Plans to make Fort William a future hub of Britain’s automotive industry reached another milestone this week as ground engineers moved onto the site earmarked for Liberty’s flagship alloy wheels factory.
The technical team moved in with their rigs and excavators for six weeks of in-depth ground investigations which will provide vital information for the design of foundations for the planned plant that is intended to manufacture wheels for at least a fifth of all UK-made cars from 2022 onwards.
The innovative £120m plant, which will take its liquid metal directly from the adjacent Liberty British Aluminium smelter at Fort William, is expected to create around 400 skilled jobs, with many hundreds more employed in the supply chain and regional economy.
In addition, it will add significant value to a high proportion of the aluminium tonnage made by the smelter. This unique value proposition is being offered to the prospective new customers via the Liberty Liquid Metal Index.
Overseeing the ground investigation operation at Fort William this week was Dr Douglas Dawson, chief executive of Liberty Industries Group, part of Sanjeev Gupta’s GFG Alliance, who heads Liberty’s extensive network of factories making key components for the UK and international automotive industry.
He said: “Vehicle manufacturing works on long-term design and production cycles, with new models expected to come on stream in 2022/23. Our aim is to ensure this new wheels factory is up and running in time to feed fully into the supply chain for that next cycle. However as everyone knows, the UK automotive industry is in a state of uncertainty at the moment and our plans are linked predominantly to demand from the auto sector, so we need to keep a close eye on the situation and continue our dialogue with the car makers. We’ll be having further important discussions with them in the near future.”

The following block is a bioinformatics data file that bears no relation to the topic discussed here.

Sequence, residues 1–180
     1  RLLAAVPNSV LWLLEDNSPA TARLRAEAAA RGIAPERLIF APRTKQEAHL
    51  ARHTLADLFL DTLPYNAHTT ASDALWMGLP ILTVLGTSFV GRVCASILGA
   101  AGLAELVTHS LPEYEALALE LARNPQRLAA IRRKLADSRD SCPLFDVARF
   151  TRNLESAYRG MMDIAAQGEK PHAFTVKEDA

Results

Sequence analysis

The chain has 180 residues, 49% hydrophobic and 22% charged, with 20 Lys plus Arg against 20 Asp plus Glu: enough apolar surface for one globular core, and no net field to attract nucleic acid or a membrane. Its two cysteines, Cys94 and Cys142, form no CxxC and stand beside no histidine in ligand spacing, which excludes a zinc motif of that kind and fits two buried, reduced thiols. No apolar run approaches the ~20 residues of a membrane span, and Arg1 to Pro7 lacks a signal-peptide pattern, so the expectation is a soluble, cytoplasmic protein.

Dr Dawson said that, following ground investigation at the site, Liberty will continue to develop the plans to discharge relevant conditions prior to construction which is expected to begin in early 2020 and continue until late 2021.
Installation and commissioning of multi-million-pound equipment and machinery will take place over subsequent months, followed by production trials. Once in operation, the plant will have the capacity to make around two million alloy wheels a year for a wide range of vehicles.
In parallel with construction and commissioning activity, the Lochaber Delivery Group, comprising local authorities and public agencies, led by Scottish Government and Liberty, will continue planning the housing, infrastructure and local services investments necessary to accommodate the arrival of new workers to the area.
While in Fort William this week, Dr Dawson also turned his attention to wheels of another kind when he presented a Liberty-made superbike to Alan Donald, a process controller in the aluminium smelter who chose a name for the new office block just opened at the site to house the project team overseeing the building of the wheels plant.
Alan chose the Gaelic name ‘Aisling Mor’ which means ‘Big Dream’ to reflect the ambitious vision Liberty has for the site as a future centre of manufacturing excellence for Britain’s multi-billion-pound car industry.
Said Dr Dawson: “That name was perfect for a building that will be at the heart of this exciting project. We have chosen to dream big because Fort William has so much potential and we want to unlock that potential and create something of real value for the local and regional economy.”
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